Aside from many local and regional recognitions, he is the recipient of the Regal British Award 2022 by the World Humanitarian Drive in conjunction with Her Majesty Queen Elizabeth II’s Platinum Jubilee Celebrations in London as well as the National Scroll of Honor Award for Human Settlements 2022 in conjunction with UN World Habitat Day. 

The agriculturalist has also been invited to speak on sustainable practices and agriculture-based solutions to food insecurity at various universities, including Yale-NUS College. 

But for this paraplegic farmer, these accolades are simply an earthly nod to his higher purpose. 

Living out his faith daily

“How do I make my faith practical?” That’s what I’m always asking. Here I am, Lord. Use me,” Dr. Tang reflected. 

To him, the cross is a plus sign. It is a daily reminder that his life must ‘add’ to those around him. 

“As Christians, we have access to the One who holds solutions to all of our problems. But we are often distracted and disunited, seeking to build our own empires and putting others down. We need to stop being religious punks,” Dr. Tang said with a passion. 

The agriculturalist also hopes to inspire a more inclusive society that provides PWD with opportunities to thrive. 

“Why are we (PWD) still fighting for accessible toilets and parking spaces? If we give PWD equal opportunity, we can contribute to nation building. If there’s a wheel, there’s a way!” he said.

In Christ, tragedy can be turned into good. Dr. Billy’s life is a testament of God’s faithfulness.

Knowing our identity in Christ enables us to impact others

Busy days lie ahead for Dr. Tang and PWD Smart Farmability. 

Together with a state university in the Philippines and Vera Bella Enterprises, Dr. Tang hopes to provide ‘protein for sustainable living’ through tilapia ice-cream and cookies.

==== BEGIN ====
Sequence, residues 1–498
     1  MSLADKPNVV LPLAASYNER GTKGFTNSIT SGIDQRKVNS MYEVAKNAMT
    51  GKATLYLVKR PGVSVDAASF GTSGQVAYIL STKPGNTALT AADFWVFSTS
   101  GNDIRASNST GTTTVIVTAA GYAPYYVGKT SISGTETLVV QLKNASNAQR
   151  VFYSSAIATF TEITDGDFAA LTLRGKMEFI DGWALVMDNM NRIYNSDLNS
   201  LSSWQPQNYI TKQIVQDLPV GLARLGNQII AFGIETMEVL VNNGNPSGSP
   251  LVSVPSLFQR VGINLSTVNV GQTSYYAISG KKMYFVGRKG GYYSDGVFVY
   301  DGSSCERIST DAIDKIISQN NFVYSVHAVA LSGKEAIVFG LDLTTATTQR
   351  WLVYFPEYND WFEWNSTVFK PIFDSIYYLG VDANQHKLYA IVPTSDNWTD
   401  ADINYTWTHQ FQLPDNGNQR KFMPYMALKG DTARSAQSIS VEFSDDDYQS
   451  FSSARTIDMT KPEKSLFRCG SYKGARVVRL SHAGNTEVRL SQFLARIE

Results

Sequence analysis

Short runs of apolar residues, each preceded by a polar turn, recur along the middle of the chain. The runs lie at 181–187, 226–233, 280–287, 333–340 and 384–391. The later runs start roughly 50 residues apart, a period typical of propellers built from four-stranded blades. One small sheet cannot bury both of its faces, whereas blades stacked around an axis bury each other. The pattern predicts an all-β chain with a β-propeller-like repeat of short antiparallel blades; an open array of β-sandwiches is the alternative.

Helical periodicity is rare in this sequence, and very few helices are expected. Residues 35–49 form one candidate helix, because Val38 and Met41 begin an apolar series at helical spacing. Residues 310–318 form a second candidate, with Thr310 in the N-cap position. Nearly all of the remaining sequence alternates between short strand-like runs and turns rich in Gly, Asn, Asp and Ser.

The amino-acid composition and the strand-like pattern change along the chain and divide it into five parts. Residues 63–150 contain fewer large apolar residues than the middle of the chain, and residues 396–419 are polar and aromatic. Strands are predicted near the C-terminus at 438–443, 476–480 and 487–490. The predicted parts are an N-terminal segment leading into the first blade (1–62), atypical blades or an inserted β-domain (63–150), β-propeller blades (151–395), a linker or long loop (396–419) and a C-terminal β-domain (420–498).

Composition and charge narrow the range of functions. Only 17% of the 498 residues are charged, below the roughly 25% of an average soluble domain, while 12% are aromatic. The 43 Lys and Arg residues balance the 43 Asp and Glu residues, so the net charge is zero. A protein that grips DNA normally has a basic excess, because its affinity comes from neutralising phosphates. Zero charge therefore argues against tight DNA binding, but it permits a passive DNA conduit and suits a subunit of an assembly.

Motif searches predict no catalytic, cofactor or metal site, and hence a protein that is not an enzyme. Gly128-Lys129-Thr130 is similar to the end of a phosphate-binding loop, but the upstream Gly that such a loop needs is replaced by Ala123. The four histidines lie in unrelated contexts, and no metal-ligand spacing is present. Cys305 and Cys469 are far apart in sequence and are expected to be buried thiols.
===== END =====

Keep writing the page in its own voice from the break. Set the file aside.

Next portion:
All of his efforts circle back to his passion to end malnutrition, especially among the poor. 

It is also clear that Dr. Tang knows he is called to entrepreneurship with social impact. 

“God has given all of us gifts and talents. We need to know what they are and multiply it. But if we don’t have a daily encounter with God that affirms our identity in Christ, we cannot be effective,” he said thoughtfully. 

He believes that we are called to be advocates of God’s creation and live in ways that promote creation care and human dignity. 

This includes taking care of our bodies by eating nutritious food, making choices that prioritise the earth’s health (such as saying no to highly processed food, plastic bags or plastic-wrapped foods) and serving the poor.

And he realises what he’s up against convenience, capitalism and complacency.

But he also knows that he can seek God for wisdom as he innovates new products and systems that create prosperity without harming people or the planet. 

“If you want people to say no to something, you just have to have a better ‘yes’,” he said. 

This article was first published in Salt&Light.